Britain is now importing more doctors than it trains, according to new figures showing a steep rise in the numbers recruited from overseas.
Simon Stevens, head of the NHS, said the health service must stop “denuding low income countries of health professionals they need” amid warnings of a growing moral crisis.
The figures, from the General Medical Council (GMC), show that last year, 53 per cent of those joining the medical register came from overseas to do so – a rise from 39 per cent in 2015.
Cancer surgeon Professor J Meirion Thomas yesterday told a conference in London: “I think there is a moral issue here. We are poaching doctors from abroad and have done for decades.
“They are coming from countries where they have been trained at public expense and where they are sorely needed.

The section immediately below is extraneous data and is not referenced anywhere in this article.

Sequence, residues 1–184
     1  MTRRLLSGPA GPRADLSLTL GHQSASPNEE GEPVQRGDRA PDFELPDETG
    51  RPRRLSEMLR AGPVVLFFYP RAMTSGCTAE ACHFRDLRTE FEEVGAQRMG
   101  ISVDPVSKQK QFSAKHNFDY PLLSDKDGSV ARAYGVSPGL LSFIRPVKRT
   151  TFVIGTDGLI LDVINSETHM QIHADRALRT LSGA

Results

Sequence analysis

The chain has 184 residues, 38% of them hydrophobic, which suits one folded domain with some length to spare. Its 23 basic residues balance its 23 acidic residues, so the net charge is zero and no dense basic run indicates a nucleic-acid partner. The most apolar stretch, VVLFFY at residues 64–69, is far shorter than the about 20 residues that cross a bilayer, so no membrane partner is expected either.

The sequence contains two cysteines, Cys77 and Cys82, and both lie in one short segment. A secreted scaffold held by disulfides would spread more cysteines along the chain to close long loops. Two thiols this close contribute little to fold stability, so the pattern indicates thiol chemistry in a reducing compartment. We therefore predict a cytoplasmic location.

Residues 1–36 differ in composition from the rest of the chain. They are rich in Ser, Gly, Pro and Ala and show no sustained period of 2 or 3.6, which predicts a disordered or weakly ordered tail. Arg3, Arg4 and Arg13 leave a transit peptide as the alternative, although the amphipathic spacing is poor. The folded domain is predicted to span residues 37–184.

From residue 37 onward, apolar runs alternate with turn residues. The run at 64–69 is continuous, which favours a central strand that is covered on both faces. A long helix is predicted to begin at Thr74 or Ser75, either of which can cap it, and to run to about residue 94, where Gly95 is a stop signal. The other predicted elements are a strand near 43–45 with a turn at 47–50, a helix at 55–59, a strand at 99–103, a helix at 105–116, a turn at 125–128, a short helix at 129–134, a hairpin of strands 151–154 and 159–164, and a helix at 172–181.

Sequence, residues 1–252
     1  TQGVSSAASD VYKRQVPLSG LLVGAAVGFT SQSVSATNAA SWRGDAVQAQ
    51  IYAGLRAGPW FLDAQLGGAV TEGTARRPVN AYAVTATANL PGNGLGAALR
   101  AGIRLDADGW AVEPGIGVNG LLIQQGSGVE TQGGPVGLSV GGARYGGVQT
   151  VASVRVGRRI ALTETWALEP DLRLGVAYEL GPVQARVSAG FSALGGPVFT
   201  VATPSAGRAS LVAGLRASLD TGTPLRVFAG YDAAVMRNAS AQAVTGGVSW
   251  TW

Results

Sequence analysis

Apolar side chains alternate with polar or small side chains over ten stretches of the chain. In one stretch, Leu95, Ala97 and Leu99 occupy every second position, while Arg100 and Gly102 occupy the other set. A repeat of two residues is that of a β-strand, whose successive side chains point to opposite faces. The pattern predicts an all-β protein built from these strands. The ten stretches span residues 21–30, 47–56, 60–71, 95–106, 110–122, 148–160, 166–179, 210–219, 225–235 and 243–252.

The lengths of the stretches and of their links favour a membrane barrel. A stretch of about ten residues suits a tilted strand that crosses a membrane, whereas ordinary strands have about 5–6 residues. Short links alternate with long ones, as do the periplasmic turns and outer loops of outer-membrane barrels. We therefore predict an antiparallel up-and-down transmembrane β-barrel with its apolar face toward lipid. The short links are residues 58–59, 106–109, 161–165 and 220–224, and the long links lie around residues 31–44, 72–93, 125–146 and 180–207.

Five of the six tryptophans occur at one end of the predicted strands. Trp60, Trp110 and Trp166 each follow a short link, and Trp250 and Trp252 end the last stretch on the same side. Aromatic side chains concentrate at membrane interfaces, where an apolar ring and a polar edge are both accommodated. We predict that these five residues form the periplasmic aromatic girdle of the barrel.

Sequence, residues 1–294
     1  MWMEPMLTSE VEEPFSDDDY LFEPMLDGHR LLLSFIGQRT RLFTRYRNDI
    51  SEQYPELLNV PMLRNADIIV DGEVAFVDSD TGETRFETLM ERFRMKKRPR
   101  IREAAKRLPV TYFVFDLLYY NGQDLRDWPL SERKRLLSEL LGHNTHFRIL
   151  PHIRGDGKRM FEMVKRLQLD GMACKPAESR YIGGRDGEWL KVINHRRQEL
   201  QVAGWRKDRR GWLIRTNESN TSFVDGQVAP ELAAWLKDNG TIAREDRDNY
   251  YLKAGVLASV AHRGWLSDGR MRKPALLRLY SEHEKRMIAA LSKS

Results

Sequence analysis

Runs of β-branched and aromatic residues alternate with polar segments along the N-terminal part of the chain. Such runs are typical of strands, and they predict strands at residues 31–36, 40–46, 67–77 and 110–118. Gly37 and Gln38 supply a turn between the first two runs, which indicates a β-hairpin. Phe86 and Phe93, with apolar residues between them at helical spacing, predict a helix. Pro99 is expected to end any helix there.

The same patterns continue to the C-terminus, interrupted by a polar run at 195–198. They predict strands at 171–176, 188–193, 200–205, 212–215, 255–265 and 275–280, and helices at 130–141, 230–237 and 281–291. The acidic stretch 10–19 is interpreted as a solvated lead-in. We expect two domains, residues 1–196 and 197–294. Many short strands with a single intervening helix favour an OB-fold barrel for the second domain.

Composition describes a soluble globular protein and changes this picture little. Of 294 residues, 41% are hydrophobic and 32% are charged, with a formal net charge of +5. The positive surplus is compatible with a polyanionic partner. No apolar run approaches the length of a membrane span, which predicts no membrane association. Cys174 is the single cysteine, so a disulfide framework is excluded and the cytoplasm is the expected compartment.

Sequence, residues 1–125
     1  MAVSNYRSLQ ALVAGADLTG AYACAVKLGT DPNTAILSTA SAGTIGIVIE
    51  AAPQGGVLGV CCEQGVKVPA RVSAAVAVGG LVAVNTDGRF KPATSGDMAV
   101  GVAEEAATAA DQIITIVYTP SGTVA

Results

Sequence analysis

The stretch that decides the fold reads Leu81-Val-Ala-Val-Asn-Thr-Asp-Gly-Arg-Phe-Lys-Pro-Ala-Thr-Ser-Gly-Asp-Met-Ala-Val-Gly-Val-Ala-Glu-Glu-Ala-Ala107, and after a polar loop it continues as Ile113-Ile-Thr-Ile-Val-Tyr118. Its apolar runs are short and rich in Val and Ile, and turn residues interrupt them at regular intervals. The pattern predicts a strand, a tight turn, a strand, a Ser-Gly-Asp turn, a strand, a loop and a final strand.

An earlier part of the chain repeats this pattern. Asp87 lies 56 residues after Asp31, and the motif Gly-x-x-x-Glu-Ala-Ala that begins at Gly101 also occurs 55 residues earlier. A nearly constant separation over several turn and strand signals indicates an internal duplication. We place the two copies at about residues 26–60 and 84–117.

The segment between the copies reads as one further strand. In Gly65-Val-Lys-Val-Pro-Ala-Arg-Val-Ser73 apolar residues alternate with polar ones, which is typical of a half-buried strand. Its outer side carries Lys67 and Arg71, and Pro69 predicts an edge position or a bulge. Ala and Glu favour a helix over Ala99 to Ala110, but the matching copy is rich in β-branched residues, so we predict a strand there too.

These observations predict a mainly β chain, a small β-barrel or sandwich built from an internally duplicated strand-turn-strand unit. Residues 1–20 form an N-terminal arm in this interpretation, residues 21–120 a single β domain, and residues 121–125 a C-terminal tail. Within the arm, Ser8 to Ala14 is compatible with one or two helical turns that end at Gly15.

“For example we’re emptying Romania of doctors … they’re coming from eastern Europe, they’re coming from Pakistan, India, Egypt and they’re coming from Nigeria,” he said.
The figures show that last year 8,115 doctors joined the medical register after training abroad, along with 7,186 doctors from UK medical schools. This is the first time since 2006 that overseas doctors have outnumbered UK medics joining the register.
Prof Thomas said the trend, combined with a fall in the proportion of junior doctors progressing to speciality training, was a “recipe for absolute disaster”.
Figures from the GMC show that in the first four months of last year, the number of doctors from beyond Europe applying to work in Britain rose by 49 per cent, compared with the previous year.